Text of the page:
HIT Lab Australia has the strong support from the UTAS Vice-Chancellor and Senior Executive as well as from senior academics from a number of allied schools and faculties. Interest from enrolled students, prospective students, colleges and schools, business and industry has been tremendously encouraging and point to long term success of this exciting initiative for UTAS and its Launceston campus.

TMJ: How do you view the virtual worlds sphere locally – are there any developments outside of HIT Lab that interest/excite you?

HIT Lab: The Launceston Campus of UTAS is a great place to begin the HIT Lab since it has not only the Nursing School and Australian Maritime College but also the design element in Architecture and Visual and Performing arts to name a few. The confluence of these disciplines and activities can be enriched by the catalyst and technologies provided by the HIT Lab AU. In the end, we would hope to involve existing local companies as well as develop new start-ups that we spinoff from the HIT Lab and UTAS. Within Australasia, the USA and Europe there are a number of links (beyond the HIT Labs) that we would like to establish involving projects and student exchanges etc.

TMJ: How important is some form of agreement on virtual world interoperability to HIT Lab’s work?

HIT Lab: There will be a time when standards for interface appliances supporting virtual worlds will need to be developed -but not too soon, as these will tend to restrict or constrain the progress of this remarkable technology. This is true especially as new functionality is developed along with growth in supporting technology. For example, we don’t want to be constrained by 8 bit byte standard when in the longer term we will need 128 bits per byte or more to grow the technology. Although standardisation can help interoperability, it can limit the vitality of a technology. Instead of standards, what would be useful is guidelines to give investigators and developers a feeling for best practices and what needs to be considered in the design and human factors engineering of virtual interfaces. Such a foundational understanding would then grow as the science and technology grow. The HIT Lab Australia, along with sister labs in the US and NZ will be the world’s repository for these best practices and guidelines.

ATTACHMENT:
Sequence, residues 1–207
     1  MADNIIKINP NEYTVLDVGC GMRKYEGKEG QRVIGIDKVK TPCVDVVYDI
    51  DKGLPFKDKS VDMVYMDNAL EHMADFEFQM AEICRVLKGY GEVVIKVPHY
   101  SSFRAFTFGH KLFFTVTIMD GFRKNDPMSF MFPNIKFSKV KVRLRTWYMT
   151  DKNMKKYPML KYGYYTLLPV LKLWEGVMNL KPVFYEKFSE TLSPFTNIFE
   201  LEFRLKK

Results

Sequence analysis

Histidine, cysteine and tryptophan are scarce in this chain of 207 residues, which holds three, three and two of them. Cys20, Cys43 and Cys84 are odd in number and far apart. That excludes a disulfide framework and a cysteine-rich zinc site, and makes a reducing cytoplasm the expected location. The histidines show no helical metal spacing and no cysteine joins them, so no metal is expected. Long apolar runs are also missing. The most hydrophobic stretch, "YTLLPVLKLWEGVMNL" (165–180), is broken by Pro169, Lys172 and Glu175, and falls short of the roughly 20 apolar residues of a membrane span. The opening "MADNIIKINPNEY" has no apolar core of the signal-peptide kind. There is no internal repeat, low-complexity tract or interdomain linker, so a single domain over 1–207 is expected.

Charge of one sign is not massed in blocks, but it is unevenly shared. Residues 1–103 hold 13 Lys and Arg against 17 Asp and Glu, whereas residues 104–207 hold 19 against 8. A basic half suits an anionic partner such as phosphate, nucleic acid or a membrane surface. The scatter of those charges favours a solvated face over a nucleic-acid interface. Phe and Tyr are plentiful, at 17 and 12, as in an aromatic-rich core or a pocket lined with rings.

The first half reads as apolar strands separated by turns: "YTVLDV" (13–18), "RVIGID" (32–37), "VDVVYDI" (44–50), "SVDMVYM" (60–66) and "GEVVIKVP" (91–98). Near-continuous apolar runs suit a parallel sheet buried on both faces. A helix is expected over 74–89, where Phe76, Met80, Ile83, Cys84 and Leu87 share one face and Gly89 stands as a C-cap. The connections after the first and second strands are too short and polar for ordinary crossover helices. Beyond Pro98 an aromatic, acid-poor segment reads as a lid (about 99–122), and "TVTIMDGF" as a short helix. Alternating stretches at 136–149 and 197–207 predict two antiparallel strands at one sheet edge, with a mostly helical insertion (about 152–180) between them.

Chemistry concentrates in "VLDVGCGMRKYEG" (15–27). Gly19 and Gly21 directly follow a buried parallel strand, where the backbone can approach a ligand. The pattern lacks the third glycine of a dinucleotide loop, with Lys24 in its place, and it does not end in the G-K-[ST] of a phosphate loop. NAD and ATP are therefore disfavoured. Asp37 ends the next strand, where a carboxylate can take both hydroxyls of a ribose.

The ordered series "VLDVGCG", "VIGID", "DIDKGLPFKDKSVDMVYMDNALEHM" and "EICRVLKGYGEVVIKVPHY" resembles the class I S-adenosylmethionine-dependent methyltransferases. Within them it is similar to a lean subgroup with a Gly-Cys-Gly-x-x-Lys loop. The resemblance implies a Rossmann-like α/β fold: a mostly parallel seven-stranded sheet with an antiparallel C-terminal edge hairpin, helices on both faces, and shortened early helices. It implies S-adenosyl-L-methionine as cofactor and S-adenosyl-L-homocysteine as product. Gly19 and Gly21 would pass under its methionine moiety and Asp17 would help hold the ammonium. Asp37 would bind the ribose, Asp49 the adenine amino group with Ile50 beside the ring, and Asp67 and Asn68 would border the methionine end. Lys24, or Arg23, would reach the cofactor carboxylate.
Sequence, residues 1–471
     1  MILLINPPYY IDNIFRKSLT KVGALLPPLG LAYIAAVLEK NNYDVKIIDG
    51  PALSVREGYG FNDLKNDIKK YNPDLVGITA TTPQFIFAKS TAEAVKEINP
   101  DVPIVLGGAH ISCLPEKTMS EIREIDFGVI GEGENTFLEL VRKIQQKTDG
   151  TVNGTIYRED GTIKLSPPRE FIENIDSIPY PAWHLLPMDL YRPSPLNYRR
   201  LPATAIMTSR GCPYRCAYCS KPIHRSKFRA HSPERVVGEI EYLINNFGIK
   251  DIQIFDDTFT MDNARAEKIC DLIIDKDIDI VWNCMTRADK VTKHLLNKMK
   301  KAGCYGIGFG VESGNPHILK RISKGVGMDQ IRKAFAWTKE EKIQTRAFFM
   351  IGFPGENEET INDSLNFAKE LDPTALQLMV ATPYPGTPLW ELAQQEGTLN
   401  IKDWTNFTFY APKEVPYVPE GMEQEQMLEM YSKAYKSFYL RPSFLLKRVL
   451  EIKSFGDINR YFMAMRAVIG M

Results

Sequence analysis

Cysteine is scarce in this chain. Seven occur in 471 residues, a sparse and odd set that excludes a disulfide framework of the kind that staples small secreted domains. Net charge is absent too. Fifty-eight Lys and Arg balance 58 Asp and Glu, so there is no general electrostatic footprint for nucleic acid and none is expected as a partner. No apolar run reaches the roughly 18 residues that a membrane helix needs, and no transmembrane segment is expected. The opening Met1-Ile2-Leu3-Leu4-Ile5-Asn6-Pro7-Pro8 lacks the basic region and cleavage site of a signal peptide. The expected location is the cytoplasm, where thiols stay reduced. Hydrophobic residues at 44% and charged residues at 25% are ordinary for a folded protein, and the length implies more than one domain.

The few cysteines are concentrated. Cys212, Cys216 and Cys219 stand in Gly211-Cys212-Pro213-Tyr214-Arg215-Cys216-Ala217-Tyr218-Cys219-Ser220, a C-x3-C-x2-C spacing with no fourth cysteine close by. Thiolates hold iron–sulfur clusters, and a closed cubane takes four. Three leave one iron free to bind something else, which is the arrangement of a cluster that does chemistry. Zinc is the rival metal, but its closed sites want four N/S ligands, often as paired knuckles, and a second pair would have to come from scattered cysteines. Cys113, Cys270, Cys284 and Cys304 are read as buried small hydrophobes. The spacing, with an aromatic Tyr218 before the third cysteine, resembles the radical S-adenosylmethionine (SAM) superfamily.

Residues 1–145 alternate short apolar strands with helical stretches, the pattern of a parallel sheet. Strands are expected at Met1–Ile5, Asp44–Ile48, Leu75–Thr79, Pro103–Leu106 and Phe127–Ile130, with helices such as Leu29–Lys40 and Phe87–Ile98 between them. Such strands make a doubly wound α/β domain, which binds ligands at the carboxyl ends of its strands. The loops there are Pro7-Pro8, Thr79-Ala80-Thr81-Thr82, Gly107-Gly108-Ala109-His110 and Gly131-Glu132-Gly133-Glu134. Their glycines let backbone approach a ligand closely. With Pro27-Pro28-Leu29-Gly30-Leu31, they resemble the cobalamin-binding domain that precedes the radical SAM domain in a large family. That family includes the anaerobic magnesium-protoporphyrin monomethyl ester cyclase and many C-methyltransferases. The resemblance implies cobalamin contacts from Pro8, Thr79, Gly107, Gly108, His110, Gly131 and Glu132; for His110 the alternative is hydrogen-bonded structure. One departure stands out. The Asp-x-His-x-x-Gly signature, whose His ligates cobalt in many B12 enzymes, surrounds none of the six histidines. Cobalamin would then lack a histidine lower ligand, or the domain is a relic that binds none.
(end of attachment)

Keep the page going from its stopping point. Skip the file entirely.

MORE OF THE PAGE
A big thanks to Chris Carstens for his help in coordinating the interview responses. Below you can find more detailed biographies:

Professor Young Ju Choi

ychoi2Born in Kwangju, Korea, and Australian by naturalisation, Professor Young Choi was educated at the Australian National University and the University of Adelaide.

Professor Choi has worked as a Computer Science academic in Australian higher education since his initial appointment at the University of Adelaide. Before coming to Tasmania he was Head of Computer Science and Deputy Dean, Faculty of Mathematical Sciences at Flinders University, Adelaide.

He was subsequently appointed as the Foundation Head of School of Computing at the University of Tasmania (UTAS) and served in this role for nearly twenty years. He has published widely in areas including concurrent and distributed computing, multimedia and internet technologies, and eLearning technologies.

He is recognised internationally for his work in international education, especially in China and Korea, including Chair of the Academic Advisory Committee; International Education Network, China; Asia Pacific Digital Multimedia Education Network member; and the ACHEM Computing Curriculum Board, Malaysia.

Professor Choi is currently Interim Director of the Human Interface Technology (HIT) Lab Australia at the University of Tasmania which is linked to the world-renowned HIT Lab US at the University of Washington, Seattle, USA.